The Maling pottery was founded by Robert Maling near Sunderland, in north-east England, in 1762 and transferred to Newcastle upon Tyne in 1817.
Robert Maling’s son, Christopher, made the business famous when he developed machinery for manufacturing jam jars. Maling became the world’s largest supplier of jam jars and built the huge Ford ‘B’ Pottery, which was the biggest pottery in the world.
In the 1880s, Maling expanded into other types of wares, including dinner, tea and toilet wares.
In 1908, the firm began producing black ground wares which are now highly collectable.
Some of the most desirable pieces of Maling pottery are lustre ware designed by Lucien Boullemier in the 1920s and floral patterns with the distinctive ‘waved’ background, produced under the direction of Lucien Boullemier’s son, also called Lucien, from 1933 until the company closed in 1963.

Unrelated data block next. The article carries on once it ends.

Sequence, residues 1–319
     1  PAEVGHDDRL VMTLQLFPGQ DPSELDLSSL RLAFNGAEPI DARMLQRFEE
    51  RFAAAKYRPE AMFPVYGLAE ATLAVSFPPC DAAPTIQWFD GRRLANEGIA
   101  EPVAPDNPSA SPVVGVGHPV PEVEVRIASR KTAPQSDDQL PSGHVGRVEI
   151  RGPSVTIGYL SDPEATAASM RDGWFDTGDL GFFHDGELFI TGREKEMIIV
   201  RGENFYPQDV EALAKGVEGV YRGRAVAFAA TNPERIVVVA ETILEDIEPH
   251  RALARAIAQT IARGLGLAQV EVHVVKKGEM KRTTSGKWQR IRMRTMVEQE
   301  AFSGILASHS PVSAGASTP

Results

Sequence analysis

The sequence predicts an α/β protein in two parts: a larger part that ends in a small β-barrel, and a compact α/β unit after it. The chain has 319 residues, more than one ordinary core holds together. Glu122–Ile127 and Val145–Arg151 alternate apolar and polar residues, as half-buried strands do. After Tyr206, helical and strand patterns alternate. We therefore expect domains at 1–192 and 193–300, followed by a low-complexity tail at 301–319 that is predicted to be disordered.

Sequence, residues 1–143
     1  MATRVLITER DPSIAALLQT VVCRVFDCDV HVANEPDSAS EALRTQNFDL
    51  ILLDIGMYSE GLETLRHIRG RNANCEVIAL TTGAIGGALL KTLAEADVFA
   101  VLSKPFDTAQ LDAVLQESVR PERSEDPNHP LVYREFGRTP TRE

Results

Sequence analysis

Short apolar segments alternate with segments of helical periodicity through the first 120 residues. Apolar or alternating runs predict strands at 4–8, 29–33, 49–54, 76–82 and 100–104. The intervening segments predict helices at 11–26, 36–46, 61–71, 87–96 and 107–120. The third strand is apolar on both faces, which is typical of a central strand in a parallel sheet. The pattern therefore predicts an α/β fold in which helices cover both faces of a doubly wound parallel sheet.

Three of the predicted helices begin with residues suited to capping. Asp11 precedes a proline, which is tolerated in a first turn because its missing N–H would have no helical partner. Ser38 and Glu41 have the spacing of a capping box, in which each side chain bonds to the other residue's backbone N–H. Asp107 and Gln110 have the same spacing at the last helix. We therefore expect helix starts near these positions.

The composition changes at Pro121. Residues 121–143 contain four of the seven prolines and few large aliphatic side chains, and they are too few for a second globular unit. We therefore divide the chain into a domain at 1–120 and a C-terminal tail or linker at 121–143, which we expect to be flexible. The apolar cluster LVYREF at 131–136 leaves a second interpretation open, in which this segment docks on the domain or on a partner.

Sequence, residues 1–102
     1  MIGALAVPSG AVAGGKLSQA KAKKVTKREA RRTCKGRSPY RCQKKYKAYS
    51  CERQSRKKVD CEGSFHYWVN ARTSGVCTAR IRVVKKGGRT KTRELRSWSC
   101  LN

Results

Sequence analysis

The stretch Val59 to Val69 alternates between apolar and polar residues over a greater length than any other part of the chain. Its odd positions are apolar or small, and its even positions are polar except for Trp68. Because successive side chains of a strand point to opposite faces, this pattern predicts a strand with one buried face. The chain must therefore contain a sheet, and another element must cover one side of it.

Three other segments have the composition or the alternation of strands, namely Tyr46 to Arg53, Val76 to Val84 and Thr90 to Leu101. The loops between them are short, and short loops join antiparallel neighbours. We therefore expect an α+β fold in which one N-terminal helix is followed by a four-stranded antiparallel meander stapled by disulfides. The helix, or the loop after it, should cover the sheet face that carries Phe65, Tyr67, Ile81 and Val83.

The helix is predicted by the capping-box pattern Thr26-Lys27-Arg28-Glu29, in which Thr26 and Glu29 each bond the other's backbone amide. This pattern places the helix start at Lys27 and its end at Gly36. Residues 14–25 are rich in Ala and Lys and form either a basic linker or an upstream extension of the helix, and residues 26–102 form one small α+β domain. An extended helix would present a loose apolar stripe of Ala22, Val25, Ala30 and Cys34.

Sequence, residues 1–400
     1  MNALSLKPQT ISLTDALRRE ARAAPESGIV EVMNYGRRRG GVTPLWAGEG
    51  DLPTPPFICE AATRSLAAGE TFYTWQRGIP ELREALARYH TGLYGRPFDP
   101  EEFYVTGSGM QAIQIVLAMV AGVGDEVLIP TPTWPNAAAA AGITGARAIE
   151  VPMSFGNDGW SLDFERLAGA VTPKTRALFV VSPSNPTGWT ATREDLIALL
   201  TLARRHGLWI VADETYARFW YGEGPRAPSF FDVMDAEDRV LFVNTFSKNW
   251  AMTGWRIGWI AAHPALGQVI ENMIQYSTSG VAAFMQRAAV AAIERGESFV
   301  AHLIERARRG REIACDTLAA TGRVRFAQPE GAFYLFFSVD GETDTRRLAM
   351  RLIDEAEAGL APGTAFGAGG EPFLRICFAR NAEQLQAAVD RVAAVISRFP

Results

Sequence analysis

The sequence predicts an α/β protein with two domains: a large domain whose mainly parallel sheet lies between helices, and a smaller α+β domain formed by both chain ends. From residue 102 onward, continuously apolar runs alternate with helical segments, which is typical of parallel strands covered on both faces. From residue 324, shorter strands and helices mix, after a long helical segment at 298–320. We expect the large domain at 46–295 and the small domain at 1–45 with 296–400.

During the Second World War, the involvement of the Maling family in the business decreased. It suffered a long decline after being was sold to the Hoult family after the War and closed in 1963.